Saturday, October 26, 2013

Philosophy Weekend: News from Philosophy in Action

By Diana Hsieh

Every Saturday, I post the news of the week from my primary work, Philosophy in Action, where I apply rational principles to the challenges of real life. Here's this week's update.

Upcoming Radio Shows


Philosophy in Action Radio broadcasts live over the internet on Sunday mornings and Wednesday evenings. Below are the episodes upcoming this week. I hope that you join us! More upcoming episodes can be found here: Episodes on Tap.

Sunday Morning, 27 October 2013: Q&A on Checkered Pasts, Racist Names, Gun Rights, and More

I'll answer these four questions on the live broadcast of Philosophy in Action Radio on Sunday morning, 27 October 2013.
  • Question 1: Revealing a Checkered Past: How forthcoming should I be with new people I meet about my checkered past? My past is not a source of pride for me. Over four years ago, I read "Atlas Shrugged." That book altered the radical change I was already bringing into my life for the better. I've recently begun meeting other fans of Ayn Rand in real life, and I dislike discussing my white-trash, moocher-esque history with these new acquaintances. (At the time, I was between 17 and 20 years old.) If I shared my past with these people, I think they might judge me harshly and cut ties with me, given that they don't know me well. However, given my past, I have a clearer understanding of the irrational, twisted, cruel, and nasty nature of people who choose to live like leeches off of other human beings. I think that sharing these experiences with others can be a source of strength to them. (I don't want others to stumble into these poor decisions when they could do better!) So how much of my past should I share with other people, and how should I share it?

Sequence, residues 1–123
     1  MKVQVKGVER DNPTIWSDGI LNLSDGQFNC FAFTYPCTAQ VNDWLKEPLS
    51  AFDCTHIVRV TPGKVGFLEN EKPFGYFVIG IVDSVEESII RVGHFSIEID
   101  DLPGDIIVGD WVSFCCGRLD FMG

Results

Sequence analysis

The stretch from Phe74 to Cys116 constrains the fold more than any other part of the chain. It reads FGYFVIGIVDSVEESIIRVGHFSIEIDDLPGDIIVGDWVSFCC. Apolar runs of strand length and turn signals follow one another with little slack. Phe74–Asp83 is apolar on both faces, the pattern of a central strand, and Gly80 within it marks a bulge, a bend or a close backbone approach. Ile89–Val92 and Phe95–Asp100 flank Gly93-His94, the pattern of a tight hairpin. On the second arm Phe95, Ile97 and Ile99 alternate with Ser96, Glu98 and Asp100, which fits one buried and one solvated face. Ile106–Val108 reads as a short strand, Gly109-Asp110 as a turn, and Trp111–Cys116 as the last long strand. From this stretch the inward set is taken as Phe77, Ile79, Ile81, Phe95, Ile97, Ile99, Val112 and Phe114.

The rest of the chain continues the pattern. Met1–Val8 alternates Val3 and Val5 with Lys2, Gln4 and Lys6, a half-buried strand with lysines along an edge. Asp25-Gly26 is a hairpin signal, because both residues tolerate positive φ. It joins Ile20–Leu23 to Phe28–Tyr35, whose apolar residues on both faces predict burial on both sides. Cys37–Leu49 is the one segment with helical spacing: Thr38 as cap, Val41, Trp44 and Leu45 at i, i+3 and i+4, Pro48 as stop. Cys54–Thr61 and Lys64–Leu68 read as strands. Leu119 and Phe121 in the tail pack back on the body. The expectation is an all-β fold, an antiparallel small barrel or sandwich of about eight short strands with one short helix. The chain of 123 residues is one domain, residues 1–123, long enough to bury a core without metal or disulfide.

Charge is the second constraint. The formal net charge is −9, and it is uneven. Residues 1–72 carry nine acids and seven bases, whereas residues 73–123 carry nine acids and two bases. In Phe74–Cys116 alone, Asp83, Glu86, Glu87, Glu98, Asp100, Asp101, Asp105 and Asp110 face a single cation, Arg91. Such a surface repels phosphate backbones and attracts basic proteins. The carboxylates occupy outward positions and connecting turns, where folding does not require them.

• Question 2: Racist Names of Sports Teams: Should sports teams with racist names change them? Dan Snyder, the owner of the Washington Redskins has vowed never to the team's name, insisting that it stands for bravery. I've read conflicting reports about polls of Native Americans. Some are offended, and some don't care. It appears that D.C. area politicians and various academics looking to make names for themselves are leading the charge to change the name, and they seem to have much to gain thereby. Personally, I am not offended by the name, but I wouldn't go onto a reservation and address the people there as "redskins." While the name may be racist and offensive to some, is that a sufficient reason to change it?
  • Question 3: Property Owners Prohibiting Firearms: Should a person respect signs prohibiting guns in certain areas? Some businesses and government offices announce that firearms are prohibited in the building, yet no screening is conducted to ensure that firearms are excluded. In such "pretend gun-free zones," law-abiding people will disarm, while criminals and other dangerous or careless people will not. Is this a violation of a person's right to self-defense? Should people refuse to disarm in face of such signs?